Friday, March 25, 2011

Professional Conversationalists

The realization came when "Phoenix" had a laugh as he found out who I was going to "table" in the gay bar a few weeks ago. After about two hours of being undecided who to select from the twenty available macho dancers that night, I got one of the more handsome-looking newbies. I've gotten to know almost half the dancers in the bar, so that night I wanted to experience someone else. Like trying out a new dish in a favorite restaurant. But when Phoenix, who was "tabled" with my friend Ringo that night, saw which of the fresh meat dishes I ordered, he wondered what was going on in my mind.

"Ano yan, interview-hin mo lang yan e! (What's that, you're just going to interview him!)" remarked Phoenix.

True enough, that was one of my intentions. For me, the macho dancing gay bar is a place where I can get to select a young, good-looking boy to spend the evening with. Sort of a date, but with my choice of man. without him refusing the invitation. And of course, over expensive beer in a dimly-lit place.

Thus, what I want is to converse and make landi (flirt) with a guy I am attracted to. Getting to know him, getting him to know me. Flirting on the side. Ending the night with him putting his hand over my shoulder, or with us holding each other's hands. Perhaps the matronas and the mature gay men would also agree with that, especially if conversations would lead to something more either inside or outside the bar.

From this perspective, I judge a macho dancer, not on his ability to dance and seduce on-stage, but on his ability to spark an entertaining conversation with me. The awkward getting-to-know-yous are mandatory, but once the customer and boy get past that, the getting-to-continue-the-flow-of-discussions would then become the challenging part. Thus, one-line responses from the boy often kill the discussions. Frequent fifteen minute silences bore customers. Jugging down the pricey drinks one after another without talking can quickly end the night for both guest and dancer.

"Syempre, nagpunta kayong customer dito para malibang, kaya trabaho namin mag-entertain (Of course, you customers went here to be entertained, so it's our job to do so)," as often said by many macho dancers.

And the best at entertaining, I feel, are the ones I tabled in the past weeks -- Beatty, Phoenix, Russell, and Japoy, the latest, just two nights ago. All of them are within the ages 25-27. All are veterans in the gay bar industry, having at least two-three years experience (average of four years among them). All I have seen in previous visits, as I knew they were the popular ones, but I never tabled. All have been at the top of the bar's rankings (tallied monthly based on the drinks bought for them). All used to have regular sugar-guests (daddies or mommies) who have showered them with all sorts and forms of love. All have made their guests cry.

These guys who are best at entertaining know they are paid to talk to customers. And with years of being honed in this craft, they know already which buttons to push for any type of customer. For instance, Phoenix knows which topics I might be interested in, or how to crack up the group into laughter. Maybe he was thinking "just make these customers laugh, and I've made their night." Beatty and Japoy's topics are mostly intriguing gay-bar related gossip, from their customers to the other macho dancers, which they know we're interested in. They haven't tried to flirt or make bola with any of us, as they might have an inkling that we were already gay bar goer professionals whose minds can't be twisted with empty flattery anymore.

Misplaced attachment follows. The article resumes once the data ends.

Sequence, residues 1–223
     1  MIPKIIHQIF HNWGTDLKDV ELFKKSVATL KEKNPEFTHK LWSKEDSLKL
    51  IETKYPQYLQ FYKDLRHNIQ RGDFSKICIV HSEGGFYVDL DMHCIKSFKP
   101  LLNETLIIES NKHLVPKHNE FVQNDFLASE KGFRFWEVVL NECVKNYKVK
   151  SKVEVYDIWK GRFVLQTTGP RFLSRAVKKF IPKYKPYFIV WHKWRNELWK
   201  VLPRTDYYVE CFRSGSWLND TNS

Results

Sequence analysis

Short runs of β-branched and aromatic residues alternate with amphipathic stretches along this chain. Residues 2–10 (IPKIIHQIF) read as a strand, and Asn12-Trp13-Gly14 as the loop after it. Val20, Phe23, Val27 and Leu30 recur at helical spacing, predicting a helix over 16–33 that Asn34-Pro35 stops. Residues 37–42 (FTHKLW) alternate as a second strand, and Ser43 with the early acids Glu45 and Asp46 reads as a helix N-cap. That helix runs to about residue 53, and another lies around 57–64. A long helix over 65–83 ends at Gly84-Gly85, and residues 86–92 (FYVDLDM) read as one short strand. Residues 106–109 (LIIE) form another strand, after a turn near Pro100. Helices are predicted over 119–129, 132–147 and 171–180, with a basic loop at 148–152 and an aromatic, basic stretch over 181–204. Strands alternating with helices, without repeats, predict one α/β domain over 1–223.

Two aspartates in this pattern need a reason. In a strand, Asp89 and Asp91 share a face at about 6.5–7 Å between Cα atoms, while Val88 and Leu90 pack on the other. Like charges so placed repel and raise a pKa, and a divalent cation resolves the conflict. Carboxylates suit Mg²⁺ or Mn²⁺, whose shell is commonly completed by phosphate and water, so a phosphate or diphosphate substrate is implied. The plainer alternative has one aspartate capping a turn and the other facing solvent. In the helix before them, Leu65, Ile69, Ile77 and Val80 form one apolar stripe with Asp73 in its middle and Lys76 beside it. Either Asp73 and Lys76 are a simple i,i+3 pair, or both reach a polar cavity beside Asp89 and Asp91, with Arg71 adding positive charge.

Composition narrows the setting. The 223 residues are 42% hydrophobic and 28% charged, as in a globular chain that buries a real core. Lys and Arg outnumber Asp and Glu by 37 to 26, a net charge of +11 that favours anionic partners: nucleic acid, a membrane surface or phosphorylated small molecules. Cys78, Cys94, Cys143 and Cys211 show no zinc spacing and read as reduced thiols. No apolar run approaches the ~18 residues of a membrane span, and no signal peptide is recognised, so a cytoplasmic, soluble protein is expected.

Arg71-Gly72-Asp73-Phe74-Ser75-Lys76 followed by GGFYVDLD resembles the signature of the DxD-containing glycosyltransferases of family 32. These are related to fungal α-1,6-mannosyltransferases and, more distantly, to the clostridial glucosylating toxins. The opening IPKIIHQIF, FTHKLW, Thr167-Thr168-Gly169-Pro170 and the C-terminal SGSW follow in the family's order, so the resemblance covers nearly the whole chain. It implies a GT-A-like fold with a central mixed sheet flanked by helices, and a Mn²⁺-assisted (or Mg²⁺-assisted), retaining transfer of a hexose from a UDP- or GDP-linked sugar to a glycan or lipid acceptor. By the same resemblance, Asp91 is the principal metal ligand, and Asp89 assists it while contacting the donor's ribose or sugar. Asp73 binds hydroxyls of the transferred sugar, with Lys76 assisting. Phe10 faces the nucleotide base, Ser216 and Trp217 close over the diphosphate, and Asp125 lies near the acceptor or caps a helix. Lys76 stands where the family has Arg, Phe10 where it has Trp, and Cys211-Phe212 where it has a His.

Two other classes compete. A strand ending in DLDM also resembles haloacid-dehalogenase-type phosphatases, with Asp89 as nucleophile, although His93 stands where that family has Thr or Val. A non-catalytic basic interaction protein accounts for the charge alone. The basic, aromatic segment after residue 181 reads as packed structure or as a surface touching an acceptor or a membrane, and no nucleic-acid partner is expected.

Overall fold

With all the various people they've met, from young to old, from poor to filthy rich, from closeted men to gay-acting matronas, they claim that they can read already people's personalities, moods, and intentions in going to the bar. From all their conversations with different people, as remarked by Russell, "Pwede na nga akong maging psychologist (I can already be a psychologist)." Fair point, given the fact they're paid hourly (in bottles of beer) to listen and to talk (in the buff).

When I tabled the fresh 21-year old newbie a few weeks ago, I felt I was just repeating all conversations I've had with all the other 20-22 year olds in their industry. He was shy and reserved, like all the rest. He didn't know what to talk about, unlike the older ones. His responses were mostly one-liners, unlike the veteran 25-year-old conversationalists.

Maybe if I were also new in the gay bar scene, I would've already titillated in excitement just by the mere presence of a cute boy beside me. But given my so-called experience,  I knew this job-interview-style conversation was not worth spending four bottles of PHP 400+ priced beer.

Sorry, but this macho dancer's looks could not compensate for the lack of rapport betwen us. Sure, a macho dancer's main job is to dance on-stage, seduce and entertain. But when tabled, his job of entertaining now adds a new dimension of engaging his customer to a conversation. Looks can attract a customer. But a macho dancer's personality, coupled with conversation skills, will keep us coming back and spending for more.


GB Goer
Learn more: Lessons from Gay Bars in Manila


  1. This actually makes sense to me. I don't see the thrill in watching some guy dance - I can download hotter porn after all. But maybe an interesting conversation may be worth it - I just don't necessarily expect to get it most of the time.

  2. Hi rOckY, yup, that's why "tabling" a guy heightens the gay bar experience. But others may prefer to just observe, then whack off with their porn afterwards.

  3. I so can relate. Props to your writings, teh!



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